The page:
Americans donated more than $350 billion to charities in 2014, but with more than a million charitable groups to choose from, deciding which ones to donate to can be tricky.
The vast majority of charities provide real aid to those in need, but scam artists won’t hesitate to profit off of good intentions.
This past spring, the Cancer Fund of America and three affiliate organizations were charged with defrauding donors of $187 million.
Consumer Reports says it’s important to do a little homework before giving.
“Organizations can spend as much on marketing and overhead as on actually helping people,” Consumer Reports’ Margot Gilman said.
Online resources such as Charity Navigator, Charity Watch and Give.org from the Better Business Bureau evaluate groups based on their costs and effectiveness.
In general, the groups suggest staying away from charities that spend more than 30 to 40 percent of their budgets on fundraising.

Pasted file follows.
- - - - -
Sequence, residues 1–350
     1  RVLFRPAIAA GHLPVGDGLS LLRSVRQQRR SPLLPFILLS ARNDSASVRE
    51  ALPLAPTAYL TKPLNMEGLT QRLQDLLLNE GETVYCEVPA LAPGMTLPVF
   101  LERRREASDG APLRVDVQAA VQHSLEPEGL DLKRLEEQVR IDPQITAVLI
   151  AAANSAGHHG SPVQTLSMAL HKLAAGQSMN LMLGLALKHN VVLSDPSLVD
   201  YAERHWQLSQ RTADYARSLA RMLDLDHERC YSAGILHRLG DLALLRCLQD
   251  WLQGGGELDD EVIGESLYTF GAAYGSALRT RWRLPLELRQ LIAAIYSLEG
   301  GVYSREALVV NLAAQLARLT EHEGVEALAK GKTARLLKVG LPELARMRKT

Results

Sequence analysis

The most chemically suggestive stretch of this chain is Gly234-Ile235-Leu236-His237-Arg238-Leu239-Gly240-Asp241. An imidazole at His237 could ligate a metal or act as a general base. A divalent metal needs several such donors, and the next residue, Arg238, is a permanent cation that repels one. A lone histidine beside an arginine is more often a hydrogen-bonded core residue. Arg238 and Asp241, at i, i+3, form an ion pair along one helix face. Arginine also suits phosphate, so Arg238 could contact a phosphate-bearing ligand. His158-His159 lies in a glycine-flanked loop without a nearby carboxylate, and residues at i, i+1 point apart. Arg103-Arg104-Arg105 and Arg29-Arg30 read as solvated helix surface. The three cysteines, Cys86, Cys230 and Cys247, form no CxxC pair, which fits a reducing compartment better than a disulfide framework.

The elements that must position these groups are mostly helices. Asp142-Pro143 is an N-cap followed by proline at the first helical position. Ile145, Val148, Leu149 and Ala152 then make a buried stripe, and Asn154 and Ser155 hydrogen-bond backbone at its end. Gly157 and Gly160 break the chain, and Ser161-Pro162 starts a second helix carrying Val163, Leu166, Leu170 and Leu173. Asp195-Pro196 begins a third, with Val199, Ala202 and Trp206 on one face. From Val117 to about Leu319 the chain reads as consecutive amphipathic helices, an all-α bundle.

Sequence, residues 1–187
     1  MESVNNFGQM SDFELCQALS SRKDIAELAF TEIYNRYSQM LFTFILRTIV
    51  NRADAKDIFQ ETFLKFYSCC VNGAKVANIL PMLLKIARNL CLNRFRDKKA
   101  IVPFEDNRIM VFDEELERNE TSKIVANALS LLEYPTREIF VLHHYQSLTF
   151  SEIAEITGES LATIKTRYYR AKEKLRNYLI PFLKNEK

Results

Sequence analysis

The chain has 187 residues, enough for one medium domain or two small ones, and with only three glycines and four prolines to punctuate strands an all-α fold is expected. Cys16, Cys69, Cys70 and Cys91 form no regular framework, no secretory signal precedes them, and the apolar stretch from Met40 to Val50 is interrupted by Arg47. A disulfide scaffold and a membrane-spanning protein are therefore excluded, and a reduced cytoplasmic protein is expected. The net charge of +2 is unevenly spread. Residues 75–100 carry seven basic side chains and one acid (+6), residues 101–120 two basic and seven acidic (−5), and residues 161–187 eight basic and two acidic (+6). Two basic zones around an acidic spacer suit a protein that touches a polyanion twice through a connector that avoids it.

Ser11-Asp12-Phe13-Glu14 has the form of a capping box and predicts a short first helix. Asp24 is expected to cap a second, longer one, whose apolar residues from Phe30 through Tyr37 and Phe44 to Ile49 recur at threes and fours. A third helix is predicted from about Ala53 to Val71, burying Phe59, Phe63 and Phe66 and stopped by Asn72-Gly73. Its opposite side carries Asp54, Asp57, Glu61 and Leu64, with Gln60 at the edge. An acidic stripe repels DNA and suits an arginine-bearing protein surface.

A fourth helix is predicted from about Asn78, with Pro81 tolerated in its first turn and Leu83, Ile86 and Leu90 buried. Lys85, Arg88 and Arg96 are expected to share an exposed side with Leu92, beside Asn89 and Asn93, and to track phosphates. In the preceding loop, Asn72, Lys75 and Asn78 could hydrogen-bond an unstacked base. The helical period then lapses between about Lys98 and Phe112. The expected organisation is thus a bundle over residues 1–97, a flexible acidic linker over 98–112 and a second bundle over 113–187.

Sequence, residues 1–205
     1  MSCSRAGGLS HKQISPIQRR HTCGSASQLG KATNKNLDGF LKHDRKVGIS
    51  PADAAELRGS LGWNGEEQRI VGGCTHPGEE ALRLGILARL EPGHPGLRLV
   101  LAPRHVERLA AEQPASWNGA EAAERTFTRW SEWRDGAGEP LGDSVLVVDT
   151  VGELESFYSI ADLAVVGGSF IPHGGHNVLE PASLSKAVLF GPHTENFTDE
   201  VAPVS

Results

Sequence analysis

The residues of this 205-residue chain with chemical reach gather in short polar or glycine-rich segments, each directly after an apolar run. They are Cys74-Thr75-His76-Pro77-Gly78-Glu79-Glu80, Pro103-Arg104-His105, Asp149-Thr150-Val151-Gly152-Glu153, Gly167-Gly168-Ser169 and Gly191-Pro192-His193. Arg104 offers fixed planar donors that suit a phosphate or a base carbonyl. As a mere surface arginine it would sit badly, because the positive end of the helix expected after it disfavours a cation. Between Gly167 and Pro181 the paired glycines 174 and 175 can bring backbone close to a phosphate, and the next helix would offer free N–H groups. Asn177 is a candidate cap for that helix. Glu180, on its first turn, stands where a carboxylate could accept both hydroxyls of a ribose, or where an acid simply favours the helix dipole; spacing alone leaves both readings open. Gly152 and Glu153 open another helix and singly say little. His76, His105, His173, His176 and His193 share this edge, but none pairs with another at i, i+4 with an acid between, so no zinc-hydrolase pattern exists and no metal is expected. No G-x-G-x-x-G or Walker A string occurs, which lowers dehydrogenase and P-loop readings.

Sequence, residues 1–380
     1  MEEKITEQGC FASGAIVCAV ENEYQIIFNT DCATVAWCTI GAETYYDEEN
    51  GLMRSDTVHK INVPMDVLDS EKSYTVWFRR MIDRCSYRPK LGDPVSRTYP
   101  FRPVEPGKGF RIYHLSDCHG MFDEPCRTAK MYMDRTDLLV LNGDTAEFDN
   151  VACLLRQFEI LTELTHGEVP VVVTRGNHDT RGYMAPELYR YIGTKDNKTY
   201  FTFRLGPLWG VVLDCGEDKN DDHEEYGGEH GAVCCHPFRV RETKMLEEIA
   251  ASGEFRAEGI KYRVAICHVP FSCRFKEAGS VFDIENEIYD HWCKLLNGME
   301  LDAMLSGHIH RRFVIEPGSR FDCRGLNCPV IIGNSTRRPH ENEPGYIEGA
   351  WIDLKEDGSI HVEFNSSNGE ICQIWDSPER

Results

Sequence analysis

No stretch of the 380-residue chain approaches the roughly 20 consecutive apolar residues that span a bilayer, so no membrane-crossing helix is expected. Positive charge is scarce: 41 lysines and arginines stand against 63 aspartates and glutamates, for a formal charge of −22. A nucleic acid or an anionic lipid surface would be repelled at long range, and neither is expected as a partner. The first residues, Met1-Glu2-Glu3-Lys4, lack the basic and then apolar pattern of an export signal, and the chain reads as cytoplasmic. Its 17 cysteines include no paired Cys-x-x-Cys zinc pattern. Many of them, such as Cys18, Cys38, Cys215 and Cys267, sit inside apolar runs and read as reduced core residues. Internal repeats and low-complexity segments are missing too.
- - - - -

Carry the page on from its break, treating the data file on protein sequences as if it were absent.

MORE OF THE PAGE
Consumer Reports says one way to learn more about an investigation is to volunteer first. Experts also say people should watch out for look-alike charities.
“It’s important to look at organizations whose names and logos look a lot like those of more respected charities,” Gilman said. “They’re preying on confusion.”
For example, Charity Watch shows the Leukemia and Lymphoma Society spends about three quarters of its budget on charitable programs.
Meanwhile, the Childhood Leukemia Foundation spends only one-quarter of its budget on charitable programs, Consumer Reports sayd.
Consumers should also be wary of telemarketing calls, especially high pressure appeals or claims that are overly emotional.
,Americans donated more than $350 billion to charities in 2014, but with more than a million charitable groups to choose from, deciding which ones to donate to can be tricky.
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